BAD GIRLS: SIRENS, JEZEBELS, MURDERESSES, THIEVES & OTHER FEMALE VILLIANS by Jane Yolen and Heidi E. Y. Stemple with illustrations by Rebecca Guay (Charlesbridge, 2013)

20 Nov

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GENRE: Historical Nonfiction/Graphic Novel

HONORS: None Known

REVIEW: What do Delilah, Ma Barker, and Catherine the Great have in common? According to this book, they are all the bad girls of history, the women who stood out for their misdeeds, whether real or reinterpreted. Using a clever structure of short historical chapters interspersed with the mother/daughter authors in comic book form discussing their perceptions of each woman, Bad Girls starts conversation about how history interprets strong women. As the author’s ask in the last chapter, would we still consider these women bad today? Or would we consider them victims of bad circumstances?

OPINION: Although this book probably skews to a bit of a younger audience, it is still a deceptively simple approach to examining women’s stereotypical roles throughout history—the “bitch,” the “siren,” the “seductress.” By setting up the crux and circumstances of each woman’s story and having the cartoon version authors engage in a quick debate on the historical female’s “badness,” they are slyly setting up a reader’s own examination of feminism, gender roles, and historical context. Although the cartoon versions are a little corny and contrived a times (did they have to make it about looking pretty and shoes?) this is still an interesting and compelling way to look at history through another lens.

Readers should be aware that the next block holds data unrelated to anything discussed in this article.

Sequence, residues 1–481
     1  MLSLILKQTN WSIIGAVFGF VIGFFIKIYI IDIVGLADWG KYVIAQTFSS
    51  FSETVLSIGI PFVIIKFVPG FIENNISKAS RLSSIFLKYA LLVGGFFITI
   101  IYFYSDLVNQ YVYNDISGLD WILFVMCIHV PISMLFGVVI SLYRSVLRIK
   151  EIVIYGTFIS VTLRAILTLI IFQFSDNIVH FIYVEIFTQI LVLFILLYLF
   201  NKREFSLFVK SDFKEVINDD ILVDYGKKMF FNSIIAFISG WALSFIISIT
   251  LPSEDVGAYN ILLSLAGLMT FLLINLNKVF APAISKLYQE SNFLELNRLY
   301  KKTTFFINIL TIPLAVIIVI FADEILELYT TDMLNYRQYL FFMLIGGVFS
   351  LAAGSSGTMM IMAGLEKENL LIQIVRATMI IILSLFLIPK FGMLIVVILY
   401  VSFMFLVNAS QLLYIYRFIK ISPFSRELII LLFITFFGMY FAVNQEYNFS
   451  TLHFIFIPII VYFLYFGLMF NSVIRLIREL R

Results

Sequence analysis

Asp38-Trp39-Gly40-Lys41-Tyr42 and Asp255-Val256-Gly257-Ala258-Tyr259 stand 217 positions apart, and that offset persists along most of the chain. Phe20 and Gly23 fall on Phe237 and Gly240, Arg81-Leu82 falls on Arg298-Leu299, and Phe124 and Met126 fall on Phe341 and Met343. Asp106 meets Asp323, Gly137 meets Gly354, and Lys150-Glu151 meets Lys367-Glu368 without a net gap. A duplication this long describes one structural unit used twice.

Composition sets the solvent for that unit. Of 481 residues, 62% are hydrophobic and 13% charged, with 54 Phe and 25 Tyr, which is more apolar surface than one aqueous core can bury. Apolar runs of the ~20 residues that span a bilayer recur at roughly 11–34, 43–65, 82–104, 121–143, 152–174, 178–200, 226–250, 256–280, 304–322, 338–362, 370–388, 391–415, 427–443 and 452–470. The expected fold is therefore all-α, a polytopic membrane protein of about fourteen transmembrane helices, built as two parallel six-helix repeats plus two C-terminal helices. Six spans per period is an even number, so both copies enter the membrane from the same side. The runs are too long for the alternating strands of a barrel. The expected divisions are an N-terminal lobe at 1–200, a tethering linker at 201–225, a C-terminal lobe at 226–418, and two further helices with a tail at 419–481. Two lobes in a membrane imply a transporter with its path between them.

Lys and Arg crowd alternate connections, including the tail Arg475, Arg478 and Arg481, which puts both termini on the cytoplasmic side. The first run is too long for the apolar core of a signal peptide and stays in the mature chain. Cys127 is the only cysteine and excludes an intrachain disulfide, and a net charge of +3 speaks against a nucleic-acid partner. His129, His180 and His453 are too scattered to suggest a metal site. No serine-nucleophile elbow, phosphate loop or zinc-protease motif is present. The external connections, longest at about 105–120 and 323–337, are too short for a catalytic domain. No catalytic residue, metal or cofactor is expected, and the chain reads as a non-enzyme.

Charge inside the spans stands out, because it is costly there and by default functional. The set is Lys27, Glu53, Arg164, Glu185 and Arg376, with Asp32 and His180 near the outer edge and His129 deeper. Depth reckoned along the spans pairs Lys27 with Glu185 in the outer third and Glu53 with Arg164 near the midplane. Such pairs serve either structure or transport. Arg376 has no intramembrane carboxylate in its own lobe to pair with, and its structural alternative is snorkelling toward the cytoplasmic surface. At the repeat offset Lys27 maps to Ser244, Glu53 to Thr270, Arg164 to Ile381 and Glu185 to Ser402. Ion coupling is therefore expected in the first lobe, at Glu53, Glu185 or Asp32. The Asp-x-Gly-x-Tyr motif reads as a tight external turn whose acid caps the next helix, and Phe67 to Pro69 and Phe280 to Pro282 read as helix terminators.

IDEAS: This is a must-read for teens, especially girls, as they begin to find their own place in the world. Reading this book in conjunction with full biographies of any of the women examined would give a broader scoop and understanding of women’s issues throughout history.    

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